All startups need money and many seek to raise money from outside investors. The trouble, though, especially for founders lacking extensive contacts in the angel/VC communities, is that it can be hard to find prospective investors.
Startup founders sometimes find a person who has the connections they lack and propose paying this person a “finders fee” to help the company find investors to invest.
Here’s the problem: most of the time these well-connected people are not registered “broker-dealers.” And state and federal securities laws proscribe companies from paying fees to people who are not registered broker-dealers in connection with securities transactions, like startup fundraising. These laws also prohibit those who are not registered as broker-dealers from a handful of other activities, like helping to structure investment deals, among other things.
While startups should exercise caution generally in this area, perhaps the most important thing to avoid is paying or agreeing to pay a non-registered person based on their success in finding investors. If they only get paid if an investor they find actually invests, you’re playing with fire.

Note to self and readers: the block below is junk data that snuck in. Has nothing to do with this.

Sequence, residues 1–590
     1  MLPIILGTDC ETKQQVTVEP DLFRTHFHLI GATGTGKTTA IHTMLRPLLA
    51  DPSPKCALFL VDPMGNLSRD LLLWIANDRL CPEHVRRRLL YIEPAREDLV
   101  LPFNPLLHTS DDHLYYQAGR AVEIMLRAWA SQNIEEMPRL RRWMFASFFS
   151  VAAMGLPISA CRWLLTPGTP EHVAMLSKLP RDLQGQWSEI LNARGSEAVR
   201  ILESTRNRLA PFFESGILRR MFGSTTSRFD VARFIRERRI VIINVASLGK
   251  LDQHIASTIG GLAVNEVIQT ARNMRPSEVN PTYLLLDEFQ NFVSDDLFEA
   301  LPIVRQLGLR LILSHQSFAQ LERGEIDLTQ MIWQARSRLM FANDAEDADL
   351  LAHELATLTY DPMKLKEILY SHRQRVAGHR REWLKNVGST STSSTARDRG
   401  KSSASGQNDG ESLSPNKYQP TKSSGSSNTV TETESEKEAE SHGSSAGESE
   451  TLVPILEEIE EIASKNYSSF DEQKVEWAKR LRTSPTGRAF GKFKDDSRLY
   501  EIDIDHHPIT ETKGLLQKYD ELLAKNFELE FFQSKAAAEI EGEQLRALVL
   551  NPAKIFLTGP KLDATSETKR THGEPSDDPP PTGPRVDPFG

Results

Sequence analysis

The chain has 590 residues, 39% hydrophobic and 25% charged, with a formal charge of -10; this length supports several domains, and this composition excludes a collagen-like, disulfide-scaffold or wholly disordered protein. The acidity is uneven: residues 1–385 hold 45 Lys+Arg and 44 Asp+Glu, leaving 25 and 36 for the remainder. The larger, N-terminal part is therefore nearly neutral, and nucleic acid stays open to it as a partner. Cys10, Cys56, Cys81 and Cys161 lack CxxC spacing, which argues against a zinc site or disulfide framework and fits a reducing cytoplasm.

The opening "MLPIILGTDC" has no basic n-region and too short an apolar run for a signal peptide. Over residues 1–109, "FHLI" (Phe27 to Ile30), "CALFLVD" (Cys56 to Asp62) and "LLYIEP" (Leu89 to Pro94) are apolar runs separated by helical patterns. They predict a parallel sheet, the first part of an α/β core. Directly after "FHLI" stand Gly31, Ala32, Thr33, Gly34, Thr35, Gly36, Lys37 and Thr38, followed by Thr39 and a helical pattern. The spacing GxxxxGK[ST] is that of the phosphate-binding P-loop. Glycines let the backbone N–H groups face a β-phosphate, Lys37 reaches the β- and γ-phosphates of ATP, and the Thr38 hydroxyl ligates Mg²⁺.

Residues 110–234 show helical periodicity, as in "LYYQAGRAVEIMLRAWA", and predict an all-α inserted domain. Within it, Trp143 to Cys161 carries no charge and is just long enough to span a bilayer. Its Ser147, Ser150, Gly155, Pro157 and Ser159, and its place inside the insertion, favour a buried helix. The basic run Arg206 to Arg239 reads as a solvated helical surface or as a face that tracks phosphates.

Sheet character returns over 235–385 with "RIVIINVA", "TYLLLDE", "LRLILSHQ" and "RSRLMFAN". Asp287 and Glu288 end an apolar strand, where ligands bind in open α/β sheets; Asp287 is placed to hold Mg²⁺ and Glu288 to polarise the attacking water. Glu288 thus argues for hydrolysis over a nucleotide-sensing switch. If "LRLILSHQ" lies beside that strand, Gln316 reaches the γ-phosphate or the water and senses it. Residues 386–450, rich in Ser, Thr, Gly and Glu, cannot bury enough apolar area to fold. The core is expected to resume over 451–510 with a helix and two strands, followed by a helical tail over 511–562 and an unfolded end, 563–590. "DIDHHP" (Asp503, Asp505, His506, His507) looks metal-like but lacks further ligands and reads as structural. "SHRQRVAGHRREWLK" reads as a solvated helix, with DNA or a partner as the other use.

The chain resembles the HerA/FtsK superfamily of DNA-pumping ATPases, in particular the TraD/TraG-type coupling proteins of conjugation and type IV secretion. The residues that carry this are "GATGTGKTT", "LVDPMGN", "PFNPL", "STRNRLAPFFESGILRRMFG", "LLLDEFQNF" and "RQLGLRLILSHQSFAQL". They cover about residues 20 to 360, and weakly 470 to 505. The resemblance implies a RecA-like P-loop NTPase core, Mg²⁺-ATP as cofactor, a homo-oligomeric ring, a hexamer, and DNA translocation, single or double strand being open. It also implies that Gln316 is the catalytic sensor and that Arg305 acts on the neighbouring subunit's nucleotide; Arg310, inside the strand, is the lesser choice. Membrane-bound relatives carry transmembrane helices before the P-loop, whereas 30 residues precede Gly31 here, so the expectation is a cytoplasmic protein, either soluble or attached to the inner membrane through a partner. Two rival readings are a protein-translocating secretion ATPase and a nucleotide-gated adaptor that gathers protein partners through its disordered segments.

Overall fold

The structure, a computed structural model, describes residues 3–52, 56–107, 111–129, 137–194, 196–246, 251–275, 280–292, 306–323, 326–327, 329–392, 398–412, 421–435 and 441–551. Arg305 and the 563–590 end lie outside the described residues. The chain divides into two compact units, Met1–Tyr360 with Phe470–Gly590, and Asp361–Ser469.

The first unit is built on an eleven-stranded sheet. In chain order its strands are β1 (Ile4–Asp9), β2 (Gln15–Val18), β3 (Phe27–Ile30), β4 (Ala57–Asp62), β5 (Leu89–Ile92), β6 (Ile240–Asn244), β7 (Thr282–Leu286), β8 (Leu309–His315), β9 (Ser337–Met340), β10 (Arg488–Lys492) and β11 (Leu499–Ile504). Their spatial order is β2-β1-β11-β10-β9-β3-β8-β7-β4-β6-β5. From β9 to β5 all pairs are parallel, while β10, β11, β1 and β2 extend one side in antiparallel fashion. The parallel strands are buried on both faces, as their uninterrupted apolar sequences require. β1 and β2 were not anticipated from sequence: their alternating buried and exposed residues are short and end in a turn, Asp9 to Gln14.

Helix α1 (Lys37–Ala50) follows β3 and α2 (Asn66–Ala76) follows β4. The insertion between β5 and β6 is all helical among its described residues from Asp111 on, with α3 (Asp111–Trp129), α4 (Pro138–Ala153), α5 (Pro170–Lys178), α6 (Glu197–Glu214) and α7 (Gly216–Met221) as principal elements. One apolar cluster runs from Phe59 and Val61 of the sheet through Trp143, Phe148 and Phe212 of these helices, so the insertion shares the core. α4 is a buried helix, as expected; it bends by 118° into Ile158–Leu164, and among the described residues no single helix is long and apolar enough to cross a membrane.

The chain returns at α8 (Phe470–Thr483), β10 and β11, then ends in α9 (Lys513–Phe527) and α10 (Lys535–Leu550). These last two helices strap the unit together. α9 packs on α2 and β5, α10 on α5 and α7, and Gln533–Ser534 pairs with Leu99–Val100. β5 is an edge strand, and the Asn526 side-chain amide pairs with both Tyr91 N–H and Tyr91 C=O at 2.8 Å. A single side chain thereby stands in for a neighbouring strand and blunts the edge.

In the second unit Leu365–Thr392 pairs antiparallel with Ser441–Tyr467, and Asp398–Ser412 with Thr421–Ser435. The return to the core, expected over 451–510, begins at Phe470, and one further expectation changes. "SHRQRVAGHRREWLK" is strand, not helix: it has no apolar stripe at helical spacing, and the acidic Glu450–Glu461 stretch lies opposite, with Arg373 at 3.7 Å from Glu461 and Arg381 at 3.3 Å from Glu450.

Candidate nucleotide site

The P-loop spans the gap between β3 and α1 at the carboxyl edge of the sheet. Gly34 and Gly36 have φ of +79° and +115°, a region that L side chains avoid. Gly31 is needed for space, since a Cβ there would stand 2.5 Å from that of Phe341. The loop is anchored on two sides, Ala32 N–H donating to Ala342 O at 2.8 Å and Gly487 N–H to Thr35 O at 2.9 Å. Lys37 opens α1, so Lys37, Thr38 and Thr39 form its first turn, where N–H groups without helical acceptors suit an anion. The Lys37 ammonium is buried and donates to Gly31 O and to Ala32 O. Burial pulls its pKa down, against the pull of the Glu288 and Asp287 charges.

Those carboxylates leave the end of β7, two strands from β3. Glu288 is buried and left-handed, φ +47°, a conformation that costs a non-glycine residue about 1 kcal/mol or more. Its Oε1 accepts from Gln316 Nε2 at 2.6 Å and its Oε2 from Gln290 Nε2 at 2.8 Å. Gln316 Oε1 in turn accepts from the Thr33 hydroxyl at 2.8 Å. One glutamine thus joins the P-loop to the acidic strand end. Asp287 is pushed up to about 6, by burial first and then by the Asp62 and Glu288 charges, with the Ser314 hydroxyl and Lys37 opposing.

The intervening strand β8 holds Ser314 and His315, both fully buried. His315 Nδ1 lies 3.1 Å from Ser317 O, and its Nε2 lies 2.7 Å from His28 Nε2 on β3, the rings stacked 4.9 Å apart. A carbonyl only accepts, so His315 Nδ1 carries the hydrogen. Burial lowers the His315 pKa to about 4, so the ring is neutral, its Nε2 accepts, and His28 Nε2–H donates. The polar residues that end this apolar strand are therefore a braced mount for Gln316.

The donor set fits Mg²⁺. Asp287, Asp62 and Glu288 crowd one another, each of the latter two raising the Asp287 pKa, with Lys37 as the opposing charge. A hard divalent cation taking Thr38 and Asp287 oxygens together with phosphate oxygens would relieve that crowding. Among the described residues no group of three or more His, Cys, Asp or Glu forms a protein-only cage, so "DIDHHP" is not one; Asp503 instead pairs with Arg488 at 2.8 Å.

A distinction is in order at this point. A startup could pay a well connected person to gain access to their list of contacts without exposing itself to regulatory risk, provided that the fees paid are not contingent on obtaining funding. For example, the startup could pay a fixed monthly consulting fee to this person that is earned and paid regardless of whether any of the person’s contacts decides to invest in the startup.
Even then, though, the startup and its well connected consultant should set strict boundaries on what the consultant can and can’t do. In short, the consultant should make a general introduction and then get out of the way. It will be tempting for the consultant to play a more active role, including setting up and participating in meetings about investment and generally trying to help shepherd the deal along, but this should be avoided. This is because these activities risk the consultant functioning as a “broker-dealer” which spells regulatory trouble if the consultant is not, in fact, a registered broker-dealer.
Before even considering agreeing to pay a fee to someone for help with soliciting investors—whether you call it a finders fee, consulting fee, or something else—your startup should consult a securities attorney. There’s plenty of risk here and often the things startups want these “finders” to do are precisely what should be avoided. Nevertheless, there can be ways to structure these arrangements to comply with securities regulations and also get the startup in front of more potential investors, so there’s no harm in exploring this option with the help of an attorney.